Background:

It is unknown whether the risk of thyroid cancer differs among metabolically healthy/unhealthy, normal-weight, or obese women. We aimed to assess the association of metabolic health and obesity with thyroid cancer risk.

Methods:

The Korean Genome and Epidemiology Study is a population-based prospective cohort study. Data were obtained from 173,343 participants (age ≥40 years) enrolled from 2004 to 2013. Obese participants were those with body mass index (BMI) ≥25 kg/m2. Participants with abnormalities in three of these indices were considered metabolically unhealthy: triglycerides, blood pressure, high-density lipoprotein cholesterol (HDL-cholesterol), waist circumference (WC), and fasting glucose levels. Cox proportional hazards models were used to estimate hazard ratios (HR) and 95% confidence intervals (CI) for thyroid cancer risk associated with metabolic health and obesity.

Results:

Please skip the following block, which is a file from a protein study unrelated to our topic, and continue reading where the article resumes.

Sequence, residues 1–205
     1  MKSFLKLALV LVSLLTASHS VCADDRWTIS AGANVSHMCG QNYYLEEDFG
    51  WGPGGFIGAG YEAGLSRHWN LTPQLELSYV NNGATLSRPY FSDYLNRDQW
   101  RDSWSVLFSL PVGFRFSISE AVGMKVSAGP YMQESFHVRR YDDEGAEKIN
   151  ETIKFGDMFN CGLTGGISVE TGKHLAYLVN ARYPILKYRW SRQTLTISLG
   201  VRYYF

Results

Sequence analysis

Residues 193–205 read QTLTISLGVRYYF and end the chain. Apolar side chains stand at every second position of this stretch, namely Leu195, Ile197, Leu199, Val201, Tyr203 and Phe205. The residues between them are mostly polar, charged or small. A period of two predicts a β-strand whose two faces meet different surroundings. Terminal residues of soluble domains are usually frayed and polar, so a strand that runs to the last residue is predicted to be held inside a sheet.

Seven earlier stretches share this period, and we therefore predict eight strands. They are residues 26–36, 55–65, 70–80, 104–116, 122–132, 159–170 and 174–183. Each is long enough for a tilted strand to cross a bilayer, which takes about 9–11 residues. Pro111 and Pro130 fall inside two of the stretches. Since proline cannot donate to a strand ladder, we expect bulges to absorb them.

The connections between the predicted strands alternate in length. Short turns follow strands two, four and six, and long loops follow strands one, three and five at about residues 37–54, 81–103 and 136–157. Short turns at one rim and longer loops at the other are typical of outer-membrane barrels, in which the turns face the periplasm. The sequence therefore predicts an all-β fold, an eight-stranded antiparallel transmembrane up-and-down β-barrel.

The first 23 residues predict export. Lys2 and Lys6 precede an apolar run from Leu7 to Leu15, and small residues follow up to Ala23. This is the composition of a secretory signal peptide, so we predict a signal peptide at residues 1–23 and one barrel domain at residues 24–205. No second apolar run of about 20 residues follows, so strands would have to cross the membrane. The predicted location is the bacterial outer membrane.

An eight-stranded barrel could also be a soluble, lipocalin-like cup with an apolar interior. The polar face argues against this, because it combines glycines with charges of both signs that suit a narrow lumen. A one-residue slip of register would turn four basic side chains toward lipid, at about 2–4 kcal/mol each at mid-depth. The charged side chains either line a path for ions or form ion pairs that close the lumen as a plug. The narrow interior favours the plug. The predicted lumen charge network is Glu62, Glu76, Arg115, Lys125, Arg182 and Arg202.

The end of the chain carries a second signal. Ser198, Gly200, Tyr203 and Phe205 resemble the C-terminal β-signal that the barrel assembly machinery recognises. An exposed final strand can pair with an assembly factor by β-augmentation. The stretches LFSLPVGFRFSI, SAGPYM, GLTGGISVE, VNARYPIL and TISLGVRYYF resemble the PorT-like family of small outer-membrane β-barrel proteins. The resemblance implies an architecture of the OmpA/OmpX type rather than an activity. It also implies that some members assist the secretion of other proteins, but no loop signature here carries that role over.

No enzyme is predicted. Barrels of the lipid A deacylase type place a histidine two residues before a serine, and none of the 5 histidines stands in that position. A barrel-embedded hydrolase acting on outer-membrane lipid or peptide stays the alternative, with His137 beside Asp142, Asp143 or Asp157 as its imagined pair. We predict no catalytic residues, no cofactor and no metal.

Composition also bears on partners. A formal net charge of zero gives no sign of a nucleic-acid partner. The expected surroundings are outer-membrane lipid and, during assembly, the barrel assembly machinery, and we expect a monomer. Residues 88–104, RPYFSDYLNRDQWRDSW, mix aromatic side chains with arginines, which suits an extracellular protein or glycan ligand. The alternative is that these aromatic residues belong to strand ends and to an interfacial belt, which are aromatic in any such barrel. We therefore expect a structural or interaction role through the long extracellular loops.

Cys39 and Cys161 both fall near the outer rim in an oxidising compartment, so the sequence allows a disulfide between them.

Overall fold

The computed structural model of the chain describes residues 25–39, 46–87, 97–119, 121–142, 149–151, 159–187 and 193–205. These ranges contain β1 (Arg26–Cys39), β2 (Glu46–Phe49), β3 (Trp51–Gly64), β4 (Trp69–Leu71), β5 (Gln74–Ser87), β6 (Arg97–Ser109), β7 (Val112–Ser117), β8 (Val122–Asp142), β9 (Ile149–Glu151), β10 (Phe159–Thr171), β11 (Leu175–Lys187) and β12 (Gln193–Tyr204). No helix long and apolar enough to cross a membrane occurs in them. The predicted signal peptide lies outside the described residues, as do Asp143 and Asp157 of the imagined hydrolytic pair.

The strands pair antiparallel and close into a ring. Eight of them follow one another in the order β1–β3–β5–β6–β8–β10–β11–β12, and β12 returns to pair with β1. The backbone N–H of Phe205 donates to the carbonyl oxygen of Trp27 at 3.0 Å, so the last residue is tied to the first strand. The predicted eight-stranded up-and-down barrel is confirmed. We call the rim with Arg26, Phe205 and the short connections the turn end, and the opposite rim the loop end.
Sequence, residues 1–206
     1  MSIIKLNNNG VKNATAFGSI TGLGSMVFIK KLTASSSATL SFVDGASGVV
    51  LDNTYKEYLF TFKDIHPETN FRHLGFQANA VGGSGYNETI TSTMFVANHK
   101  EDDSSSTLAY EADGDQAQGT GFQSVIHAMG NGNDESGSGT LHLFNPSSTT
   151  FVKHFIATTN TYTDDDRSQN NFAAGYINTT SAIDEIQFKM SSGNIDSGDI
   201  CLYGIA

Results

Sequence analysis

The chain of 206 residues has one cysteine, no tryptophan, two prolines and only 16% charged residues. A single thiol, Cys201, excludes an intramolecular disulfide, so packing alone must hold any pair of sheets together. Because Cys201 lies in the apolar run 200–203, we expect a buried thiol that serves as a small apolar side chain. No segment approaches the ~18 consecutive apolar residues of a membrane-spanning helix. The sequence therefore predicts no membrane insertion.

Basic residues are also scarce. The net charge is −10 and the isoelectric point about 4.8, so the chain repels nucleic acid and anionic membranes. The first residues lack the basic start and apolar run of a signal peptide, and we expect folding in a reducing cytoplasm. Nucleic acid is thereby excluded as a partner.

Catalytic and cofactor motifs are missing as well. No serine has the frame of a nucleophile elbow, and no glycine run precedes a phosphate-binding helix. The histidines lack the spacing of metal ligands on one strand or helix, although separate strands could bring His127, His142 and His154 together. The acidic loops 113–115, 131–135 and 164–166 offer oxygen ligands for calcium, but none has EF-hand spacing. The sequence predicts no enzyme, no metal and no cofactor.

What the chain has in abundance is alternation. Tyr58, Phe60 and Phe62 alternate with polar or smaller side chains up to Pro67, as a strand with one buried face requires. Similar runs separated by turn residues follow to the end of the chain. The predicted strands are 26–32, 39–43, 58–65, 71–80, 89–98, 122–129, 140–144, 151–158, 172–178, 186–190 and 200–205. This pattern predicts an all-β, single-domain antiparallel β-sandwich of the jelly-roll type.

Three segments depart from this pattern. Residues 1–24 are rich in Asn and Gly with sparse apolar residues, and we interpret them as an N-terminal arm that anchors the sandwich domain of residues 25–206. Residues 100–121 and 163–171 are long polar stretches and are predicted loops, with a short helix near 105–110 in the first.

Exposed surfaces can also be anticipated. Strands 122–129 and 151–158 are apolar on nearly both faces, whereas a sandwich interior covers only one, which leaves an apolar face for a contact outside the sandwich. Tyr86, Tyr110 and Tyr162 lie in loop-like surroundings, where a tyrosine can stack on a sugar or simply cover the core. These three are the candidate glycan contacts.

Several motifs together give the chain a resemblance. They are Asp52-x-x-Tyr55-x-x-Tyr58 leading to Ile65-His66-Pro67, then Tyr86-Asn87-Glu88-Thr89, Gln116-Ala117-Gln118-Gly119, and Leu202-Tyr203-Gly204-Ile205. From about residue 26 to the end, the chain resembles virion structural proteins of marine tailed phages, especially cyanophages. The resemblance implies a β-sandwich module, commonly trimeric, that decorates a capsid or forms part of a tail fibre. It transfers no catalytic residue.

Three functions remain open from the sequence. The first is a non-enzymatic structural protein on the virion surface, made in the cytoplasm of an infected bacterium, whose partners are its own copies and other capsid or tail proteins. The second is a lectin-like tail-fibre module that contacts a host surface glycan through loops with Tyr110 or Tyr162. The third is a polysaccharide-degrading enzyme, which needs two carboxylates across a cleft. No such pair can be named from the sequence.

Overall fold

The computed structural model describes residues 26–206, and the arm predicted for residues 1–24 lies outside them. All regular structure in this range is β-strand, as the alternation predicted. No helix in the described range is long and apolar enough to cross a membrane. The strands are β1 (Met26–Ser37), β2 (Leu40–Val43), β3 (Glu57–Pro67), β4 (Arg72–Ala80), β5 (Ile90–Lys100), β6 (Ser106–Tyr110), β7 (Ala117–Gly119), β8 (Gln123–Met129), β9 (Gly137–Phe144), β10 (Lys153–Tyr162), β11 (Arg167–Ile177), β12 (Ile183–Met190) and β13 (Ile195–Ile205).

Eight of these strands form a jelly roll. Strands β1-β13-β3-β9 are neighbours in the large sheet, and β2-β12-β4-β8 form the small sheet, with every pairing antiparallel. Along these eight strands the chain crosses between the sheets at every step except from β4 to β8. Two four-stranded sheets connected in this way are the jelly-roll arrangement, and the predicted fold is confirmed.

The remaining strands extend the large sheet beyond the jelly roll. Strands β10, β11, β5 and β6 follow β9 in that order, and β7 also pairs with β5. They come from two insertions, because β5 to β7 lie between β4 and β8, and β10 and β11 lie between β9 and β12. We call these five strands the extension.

Compared with nonobese women without metabolic abnormalities, metabolically unhealthy women, either normal weight or obese, had an increased risk of thyroid cancer [HR (95% CI) = 1.57 (1.02–2.40) and 1.71 (1.21–2.41), respectively). Significant association was not observed in men. Thyroid cancer risk was higher among nonobese women with high WC [≥85 cm; HR (95% CI) = 1.62 (1.03–2.56)] than in nonobese women with low WC, and in obese women with low HDL-cholesterol [<50 mg/dL; HR (95% CI) = 1.75 (1.26–2.42)] compared with nonobese women with high HDL-cholesterol.

Conclusions:

Metabolically unhealthy women or women with central adiposity may be at an increased thyroid cancer risk despite normal BMI.

Impact:

This study suggests that women with central obesity and metabolic abnormality despite normal BMI may constitute a target group for thyroid cancer prevention and control programs.

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